To keep track of your extended network and remote sites, you place Remote Telemetry Units (RTUs) throughout the network that report alarms as issues arise. An alarm management system collects, organizes and presents those alarms to help you reduce network downtime, increase efficiency, and make maintenance and restoration easier.
For an alarm management system to be effective, it must first collect alarms from all of the equipment at your remote sites, regardless of protocol or severity. Your alarm management system exists to bring all of your alarms in to a single, concerted interface to make monitoring your network easier. It should not have blind spots or require you to jump across multiple interfaces to view or understand an alarm. So, when choosing an alarm management platform, you want to find a multi-protocol master that supports all protocols in use on your network or likely to come into future use.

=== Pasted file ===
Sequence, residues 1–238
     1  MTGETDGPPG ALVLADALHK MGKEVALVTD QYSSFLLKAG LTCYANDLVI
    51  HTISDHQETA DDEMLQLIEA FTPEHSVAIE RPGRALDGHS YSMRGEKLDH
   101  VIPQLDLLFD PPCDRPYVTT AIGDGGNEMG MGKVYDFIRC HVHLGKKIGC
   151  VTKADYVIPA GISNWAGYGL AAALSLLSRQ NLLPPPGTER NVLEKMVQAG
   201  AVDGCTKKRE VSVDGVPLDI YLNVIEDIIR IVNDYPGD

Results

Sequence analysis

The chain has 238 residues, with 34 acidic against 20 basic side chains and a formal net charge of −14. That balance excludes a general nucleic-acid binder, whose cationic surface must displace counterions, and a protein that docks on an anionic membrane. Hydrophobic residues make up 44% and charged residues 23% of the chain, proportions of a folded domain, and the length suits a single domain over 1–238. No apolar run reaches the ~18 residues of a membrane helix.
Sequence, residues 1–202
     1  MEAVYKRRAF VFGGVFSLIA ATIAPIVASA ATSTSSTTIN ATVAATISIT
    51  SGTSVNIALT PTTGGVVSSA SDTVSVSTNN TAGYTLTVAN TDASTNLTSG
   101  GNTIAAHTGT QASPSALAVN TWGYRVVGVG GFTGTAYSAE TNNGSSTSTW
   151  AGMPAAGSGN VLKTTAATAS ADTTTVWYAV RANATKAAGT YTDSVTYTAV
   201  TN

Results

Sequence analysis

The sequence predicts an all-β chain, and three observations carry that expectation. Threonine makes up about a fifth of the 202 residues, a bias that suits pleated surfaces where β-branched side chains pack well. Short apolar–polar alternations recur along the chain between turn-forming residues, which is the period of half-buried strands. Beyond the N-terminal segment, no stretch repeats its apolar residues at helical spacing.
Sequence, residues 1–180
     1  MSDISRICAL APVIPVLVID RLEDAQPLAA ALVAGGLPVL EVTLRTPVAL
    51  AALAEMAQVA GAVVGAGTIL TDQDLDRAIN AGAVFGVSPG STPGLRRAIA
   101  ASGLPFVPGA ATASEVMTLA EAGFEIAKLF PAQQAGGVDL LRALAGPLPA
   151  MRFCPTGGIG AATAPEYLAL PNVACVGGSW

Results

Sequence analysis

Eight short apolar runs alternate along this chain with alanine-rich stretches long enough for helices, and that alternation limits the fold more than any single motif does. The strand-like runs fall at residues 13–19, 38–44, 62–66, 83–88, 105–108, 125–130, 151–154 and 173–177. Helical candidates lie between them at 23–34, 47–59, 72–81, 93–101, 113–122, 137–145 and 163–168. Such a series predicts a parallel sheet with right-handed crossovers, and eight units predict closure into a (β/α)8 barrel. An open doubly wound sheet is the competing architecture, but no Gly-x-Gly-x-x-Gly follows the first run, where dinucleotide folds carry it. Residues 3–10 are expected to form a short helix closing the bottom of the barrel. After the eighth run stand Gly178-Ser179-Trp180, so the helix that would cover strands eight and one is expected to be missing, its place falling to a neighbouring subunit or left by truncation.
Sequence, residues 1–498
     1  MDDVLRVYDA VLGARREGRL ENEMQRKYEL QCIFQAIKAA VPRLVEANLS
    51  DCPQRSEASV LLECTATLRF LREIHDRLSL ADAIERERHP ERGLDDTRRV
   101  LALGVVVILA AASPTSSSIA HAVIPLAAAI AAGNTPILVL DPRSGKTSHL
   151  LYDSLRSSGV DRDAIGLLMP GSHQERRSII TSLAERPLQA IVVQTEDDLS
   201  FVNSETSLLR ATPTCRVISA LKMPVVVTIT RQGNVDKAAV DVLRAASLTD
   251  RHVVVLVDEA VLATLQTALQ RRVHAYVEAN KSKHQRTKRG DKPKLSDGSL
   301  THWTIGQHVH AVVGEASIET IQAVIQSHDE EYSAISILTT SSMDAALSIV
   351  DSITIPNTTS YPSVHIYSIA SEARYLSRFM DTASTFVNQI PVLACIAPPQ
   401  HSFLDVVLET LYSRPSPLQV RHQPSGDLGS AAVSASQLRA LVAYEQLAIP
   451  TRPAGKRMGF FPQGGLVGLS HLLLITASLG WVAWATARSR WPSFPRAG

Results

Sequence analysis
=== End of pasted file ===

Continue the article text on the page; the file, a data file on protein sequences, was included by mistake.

You can accomplish this by using multiple master stations to mediate protocols to a single, top-level management system, or you can simply install a single alarm management system that supports the protocols used in your alarm monitoring systems. For example, T/Mon, the alarm management platform from DPS Telecom, supports legacy and proprietary protocols that other systems don't and can parse ASCII output, ensuring that none of your alarms go unreported. It can also output SNMP traps, allowing you to use T/Mon as a mid-level master station to mediate to your top-level alarm manager, should you choose not to use T/Mon as a full master station. Either way, it provides visibility for all of your network alarms, eliminating any potential blind-spots.